The Must-have Process Checklist for Efficient Maintenance Planning and Scheduling

Author: Matt Midas
Category: Enterprise Maintenance and Reliability

OK, so I am an engineer. I fix what’s broken and have always felt a personal satisfaction in being instrumental in helping to keep things up and running. With more than 30 years of working in the maintenance and reliability industry, this is a good thing, right?

Sort of.

When I was starting out, I’ll admit, it felt great to not only fix things, but also to get that pat on the back for a job well done. It never occurred to me in those early days of “get a bigger hammer” that what I was doing was actually reactive… I didn’t even have a good sense of the meaning of ‘reactive’ in the maintenance world.

Now that I’m a little more seasoned, shall we say, I know there is a much better use of time and energy by properly maintaining equipment with improved planning and scheduling functions, as opposed to waiting until something breaks.

Improving efficiencies is vital to maintenance productivity

We now benefit from feature rich Enterprise Asset Management (EAM) systems and Computerized Maintenance Management Systems (CMMS). If we deploy these systems properly, tapping into modern technological advancements and keeping in line with best practices, the results are limitless. We can consistently improve efficiencies while also capturing quality data resulting in more meaningful reports at levels that were unachievable only a short time ago.

This is great news for any company that is in a reactive state. If your organization falls into this category, you’re probably fighting fires. You’re also likely swamped with a laundry list of repair activities that should be documented for use when similar work needs your attention in the future. Capturing these repair activities for assets in accurate, comprehensive job plans will increase efficiencies not only for planners, but also for technicians performing the work. This is where the increase in efficiency occurs.

In a modern day paradox, it’s unfortunate that many companies are still struggling to effectively develop and implement comprehensive planning and scheduling programs. Why? They are too busy fighting fires.

What is the cost to these organizations at the end of the day?

Yes, the work gets done, but if they don’t have a plan for moving away from the reactive state of maintenance, those organizations will most likely remain in a reactive state and continue in a cycle of fighting fires.  

Why does this happen? Because without proper planning and scheduling, maintenance organizations are not maximizing important time- and cost-saving components such as work quality, equipment/asset uptime, and maintenance productivity.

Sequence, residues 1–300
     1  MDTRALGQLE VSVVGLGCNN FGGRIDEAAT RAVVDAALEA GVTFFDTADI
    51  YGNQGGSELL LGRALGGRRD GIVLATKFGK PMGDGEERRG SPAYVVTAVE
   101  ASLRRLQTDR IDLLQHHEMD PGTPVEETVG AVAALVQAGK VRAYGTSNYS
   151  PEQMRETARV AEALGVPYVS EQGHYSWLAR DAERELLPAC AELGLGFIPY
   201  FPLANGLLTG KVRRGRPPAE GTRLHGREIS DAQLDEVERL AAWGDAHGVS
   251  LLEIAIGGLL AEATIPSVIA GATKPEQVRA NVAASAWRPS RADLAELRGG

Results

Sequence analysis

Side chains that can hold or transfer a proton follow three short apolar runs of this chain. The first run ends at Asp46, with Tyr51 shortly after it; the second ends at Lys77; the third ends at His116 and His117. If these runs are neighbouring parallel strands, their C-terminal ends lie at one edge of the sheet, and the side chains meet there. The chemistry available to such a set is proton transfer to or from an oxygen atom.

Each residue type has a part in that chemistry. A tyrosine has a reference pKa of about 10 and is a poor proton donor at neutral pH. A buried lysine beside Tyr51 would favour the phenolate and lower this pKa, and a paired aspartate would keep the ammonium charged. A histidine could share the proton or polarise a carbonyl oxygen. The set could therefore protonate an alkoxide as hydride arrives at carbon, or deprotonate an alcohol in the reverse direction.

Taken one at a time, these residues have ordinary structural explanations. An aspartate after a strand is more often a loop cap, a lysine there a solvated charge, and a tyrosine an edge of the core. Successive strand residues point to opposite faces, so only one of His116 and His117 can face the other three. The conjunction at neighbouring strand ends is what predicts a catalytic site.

When these factors are not maximized, there are several results. First, there are hours upon hours of non-value time both during the actual job and between jobs. Also, it is costly to acquire and house spare parts unnecessarily—parts that take up valuable warehouse space and can essentially be ‘forgotten’ when the job is executed.

Astonishingly, it is estimated that as much as 10% of energy consumed is due to equipment that has not been maintained properly.

For organizations who fall into this area, it’s important to highlight necessary components for proper planning and scheduling. This is not an overnight process, but please, stick with it, even if you feel it is too time-consuming. In the long run, you’ll see the benefits of converting to this process. A good starting point is focusing on the highest priority assets and then progressing to lower priority ones as time allows.

The essential components for planning and scheduling efficiency

First, take a good, critical look at the work management processes (specifically planning and scheduling) your organization has in place. Are they documented? Have they been reviewed and improved?

Ask yourself if your planning and scheduling processes include the following components:

  1. Who is the one to verify the job scope?
  2. What does this job entail (Include crafts, materials, tools, etc.)?
  3. Are there specific resources that are required or should be identified?
  4. What is the specific job plan (Including a list of steps laid out)?
  5. Have you identified all safety issues, including all lock-out and tag-out incidences?